My first rule about buying a business is do nothing new until you have had time to fully understand not only the workings and culture of the business but the ebb and flow of trade too. This time however, Covid drove me to make changes much faster. It was a time for action, future planning and putting quality time into developing new products not to mention getting a new website developed and launching online purchasing.

While I commenced my takeover of Issada before Covid had any impact on that business, I believe Covid offers opportunities for people who are looking to buy a business. Many good businesses are failing because they haven’t set aside an emergency fund to tide them through a disruption to their business and lack of cash reserves are forcing their owners to close their doors.

However, there are people out there who have the money, or who have perhaps received lump sum from a redundancy who are well placed to pick up a good business opportunity. In addition, because many businesses are letting people go, there is a great pool of skilled motivated potential staff available to help build the dream. The more people that take these opportunities to pick up good businesses the faster the economy will rebound.

As I write this, beauty businesses in Queensland have been out of lockdown for around five weeks. The final audit and stocktake for Issada was held on 17 June and I took over the business on the 22nd. Fiona is staying on as general manager indefinitely and is as keen as I am to see Issada soar to the next level.

There are many lessons for business to learn from this period of pandemic. With Victoria now in lockdown for the second time, the stark reality that this will be our life until there is an effective vaccine or cure is evident. Periods of loosening restrictions followed by increasing numbers of infected and then lockdown.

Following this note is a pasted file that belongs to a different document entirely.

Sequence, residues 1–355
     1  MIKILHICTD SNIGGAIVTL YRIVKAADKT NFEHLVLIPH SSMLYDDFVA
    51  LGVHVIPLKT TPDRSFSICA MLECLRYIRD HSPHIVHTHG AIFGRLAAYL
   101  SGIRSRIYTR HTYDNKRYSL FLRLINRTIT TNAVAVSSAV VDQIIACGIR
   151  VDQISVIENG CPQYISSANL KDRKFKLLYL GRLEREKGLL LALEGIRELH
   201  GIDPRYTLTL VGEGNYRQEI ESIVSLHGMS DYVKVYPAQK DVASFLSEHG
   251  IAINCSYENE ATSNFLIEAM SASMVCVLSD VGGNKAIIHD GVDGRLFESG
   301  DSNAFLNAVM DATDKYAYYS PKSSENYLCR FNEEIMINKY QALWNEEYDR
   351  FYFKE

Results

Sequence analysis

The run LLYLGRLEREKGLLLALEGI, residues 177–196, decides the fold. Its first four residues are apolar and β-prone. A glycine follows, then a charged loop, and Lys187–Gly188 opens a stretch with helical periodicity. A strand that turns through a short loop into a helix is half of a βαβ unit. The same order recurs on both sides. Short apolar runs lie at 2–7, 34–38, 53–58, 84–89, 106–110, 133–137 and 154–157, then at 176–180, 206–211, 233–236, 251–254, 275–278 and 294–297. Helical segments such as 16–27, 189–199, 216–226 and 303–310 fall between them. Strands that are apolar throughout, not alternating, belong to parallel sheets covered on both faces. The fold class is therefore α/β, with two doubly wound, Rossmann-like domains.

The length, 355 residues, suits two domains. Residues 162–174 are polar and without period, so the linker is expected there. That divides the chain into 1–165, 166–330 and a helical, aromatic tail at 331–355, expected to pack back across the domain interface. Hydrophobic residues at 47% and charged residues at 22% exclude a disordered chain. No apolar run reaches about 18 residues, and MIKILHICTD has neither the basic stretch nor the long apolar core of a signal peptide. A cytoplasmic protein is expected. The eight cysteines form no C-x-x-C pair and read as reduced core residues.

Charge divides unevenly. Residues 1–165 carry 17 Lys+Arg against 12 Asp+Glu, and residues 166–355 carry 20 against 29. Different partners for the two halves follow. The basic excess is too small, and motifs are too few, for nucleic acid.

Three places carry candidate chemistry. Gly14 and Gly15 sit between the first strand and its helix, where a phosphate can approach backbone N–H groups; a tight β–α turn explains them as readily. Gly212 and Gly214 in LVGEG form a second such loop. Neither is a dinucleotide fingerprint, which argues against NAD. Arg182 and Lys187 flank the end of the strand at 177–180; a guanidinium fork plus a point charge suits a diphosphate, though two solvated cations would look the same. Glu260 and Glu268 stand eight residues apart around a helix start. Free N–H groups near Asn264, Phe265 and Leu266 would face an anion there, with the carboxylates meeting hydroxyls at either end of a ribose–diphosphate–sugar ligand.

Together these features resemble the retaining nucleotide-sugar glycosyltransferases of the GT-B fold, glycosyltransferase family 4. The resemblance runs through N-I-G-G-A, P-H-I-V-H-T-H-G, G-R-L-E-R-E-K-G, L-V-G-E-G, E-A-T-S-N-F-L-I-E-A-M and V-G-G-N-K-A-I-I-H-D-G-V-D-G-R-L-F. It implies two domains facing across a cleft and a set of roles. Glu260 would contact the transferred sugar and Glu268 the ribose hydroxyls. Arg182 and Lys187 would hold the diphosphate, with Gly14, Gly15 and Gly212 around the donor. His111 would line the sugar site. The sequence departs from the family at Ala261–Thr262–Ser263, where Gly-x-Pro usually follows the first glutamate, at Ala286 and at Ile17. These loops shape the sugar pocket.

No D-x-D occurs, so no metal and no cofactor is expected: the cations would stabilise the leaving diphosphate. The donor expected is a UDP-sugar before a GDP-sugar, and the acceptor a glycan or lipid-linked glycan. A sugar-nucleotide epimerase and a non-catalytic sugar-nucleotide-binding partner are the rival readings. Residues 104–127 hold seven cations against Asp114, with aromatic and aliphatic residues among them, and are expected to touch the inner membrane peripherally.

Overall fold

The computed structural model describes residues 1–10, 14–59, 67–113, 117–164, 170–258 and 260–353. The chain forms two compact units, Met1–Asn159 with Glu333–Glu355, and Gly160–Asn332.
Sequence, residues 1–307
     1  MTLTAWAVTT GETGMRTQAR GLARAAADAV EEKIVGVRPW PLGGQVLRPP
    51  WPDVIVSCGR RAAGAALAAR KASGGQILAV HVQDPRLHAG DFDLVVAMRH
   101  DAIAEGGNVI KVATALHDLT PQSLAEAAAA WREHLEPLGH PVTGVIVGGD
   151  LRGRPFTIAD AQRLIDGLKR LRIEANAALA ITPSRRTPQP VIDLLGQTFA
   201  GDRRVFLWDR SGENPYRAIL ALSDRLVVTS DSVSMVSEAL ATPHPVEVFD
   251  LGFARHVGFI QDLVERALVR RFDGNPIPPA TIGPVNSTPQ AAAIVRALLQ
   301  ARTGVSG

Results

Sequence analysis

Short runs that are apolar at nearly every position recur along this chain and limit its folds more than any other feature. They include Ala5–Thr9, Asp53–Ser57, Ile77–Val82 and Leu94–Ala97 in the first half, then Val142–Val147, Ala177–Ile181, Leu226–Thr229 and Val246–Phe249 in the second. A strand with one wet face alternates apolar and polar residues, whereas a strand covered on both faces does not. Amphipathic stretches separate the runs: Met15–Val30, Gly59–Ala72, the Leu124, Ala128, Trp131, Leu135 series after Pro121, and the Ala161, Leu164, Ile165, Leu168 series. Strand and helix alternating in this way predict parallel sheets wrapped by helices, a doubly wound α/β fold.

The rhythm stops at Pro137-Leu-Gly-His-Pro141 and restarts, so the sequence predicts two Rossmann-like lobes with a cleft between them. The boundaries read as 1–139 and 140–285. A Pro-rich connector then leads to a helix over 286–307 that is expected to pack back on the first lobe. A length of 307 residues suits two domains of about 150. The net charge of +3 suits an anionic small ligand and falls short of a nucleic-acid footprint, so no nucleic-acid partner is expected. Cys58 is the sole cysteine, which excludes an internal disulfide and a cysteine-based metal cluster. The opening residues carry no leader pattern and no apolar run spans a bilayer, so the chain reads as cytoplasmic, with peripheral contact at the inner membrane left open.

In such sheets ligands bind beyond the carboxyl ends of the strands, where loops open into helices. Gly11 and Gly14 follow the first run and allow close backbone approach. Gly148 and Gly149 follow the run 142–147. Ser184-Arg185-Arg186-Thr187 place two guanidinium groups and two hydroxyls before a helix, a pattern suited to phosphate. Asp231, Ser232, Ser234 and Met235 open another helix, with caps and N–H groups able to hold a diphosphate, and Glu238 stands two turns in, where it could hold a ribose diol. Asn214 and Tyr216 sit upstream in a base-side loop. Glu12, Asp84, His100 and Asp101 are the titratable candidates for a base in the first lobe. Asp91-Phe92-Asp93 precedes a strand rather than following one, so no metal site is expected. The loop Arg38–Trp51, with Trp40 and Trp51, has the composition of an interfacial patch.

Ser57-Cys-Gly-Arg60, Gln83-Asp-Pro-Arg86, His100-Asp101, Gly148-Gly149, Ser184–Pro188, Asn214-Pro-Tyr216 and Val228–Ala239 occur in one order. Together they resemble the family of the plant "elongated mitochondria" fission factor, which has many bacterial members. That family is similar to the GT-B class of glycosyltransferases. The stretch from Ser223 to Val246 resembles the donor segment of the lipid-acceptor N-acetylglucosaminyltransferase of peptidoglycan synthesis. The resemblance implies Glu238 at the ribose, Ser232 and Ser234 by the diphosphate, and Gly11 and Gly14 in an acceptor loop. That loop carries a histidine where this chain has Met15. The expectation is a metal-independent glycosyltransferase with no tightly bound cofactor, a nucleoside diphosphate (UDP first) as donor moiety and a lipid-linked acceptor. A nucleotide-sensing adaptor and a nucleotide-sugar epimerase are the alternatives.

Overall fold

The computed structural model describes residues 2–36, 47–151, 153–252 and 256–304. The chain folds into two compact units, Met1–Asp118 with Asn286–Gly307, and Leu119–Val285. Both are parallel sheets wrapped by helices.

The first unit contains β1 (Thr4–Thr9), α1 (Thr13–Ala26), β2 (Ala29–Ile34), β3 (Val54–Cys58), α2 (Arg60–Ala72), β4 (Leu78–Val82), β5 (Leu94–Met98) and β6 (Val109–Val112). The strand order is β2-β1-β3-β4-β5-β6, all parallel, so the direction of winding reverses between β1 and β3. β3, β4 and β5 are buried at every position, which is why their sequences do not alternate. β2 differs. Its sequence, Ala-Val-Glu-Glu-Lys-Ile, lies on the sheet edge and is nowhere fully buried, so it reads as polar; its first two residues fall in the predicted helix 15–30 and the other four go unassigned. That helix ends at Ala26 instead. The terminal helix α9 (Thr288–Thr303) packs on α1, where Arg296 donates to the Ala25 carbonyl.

I am a realist. I hope for the best but plan for the worst, hence my great belief in having good cash reserves. I believe we are in for a tough couple of years, so my plan is to run lean, ensure that every single staff member fully contributes to the bottom line of the business and I won’t be recruiting wildly.

A big lesson has been how vulnerable our supply chains are. We buy many ingredients and products from Europe and the US. We are still waiting on orders placed in December last year so in terms of future planning it may be necessary to hedge our bets and acquire more suppliers in different regions. I will certainly be negotiating with local suppliers too. Covid is making businesses think differently and change priorities and it will be a while before we think globally again.

Issada has over 200 stockists across Australia and while our Victorian stockists are doing it tough at the moment, areas that only have a handful of virus cases are returning to normal trading levels―there are clear signs of recovery.

Life rarely runs smoothly and business owners experience change at all levels accepting that as the norm. No-one expected this pandemic but despite the chaos so far, I’m looking forward to growing this awesome Australian business that I have finally been able to take over.

By Deb Farnworth-Wood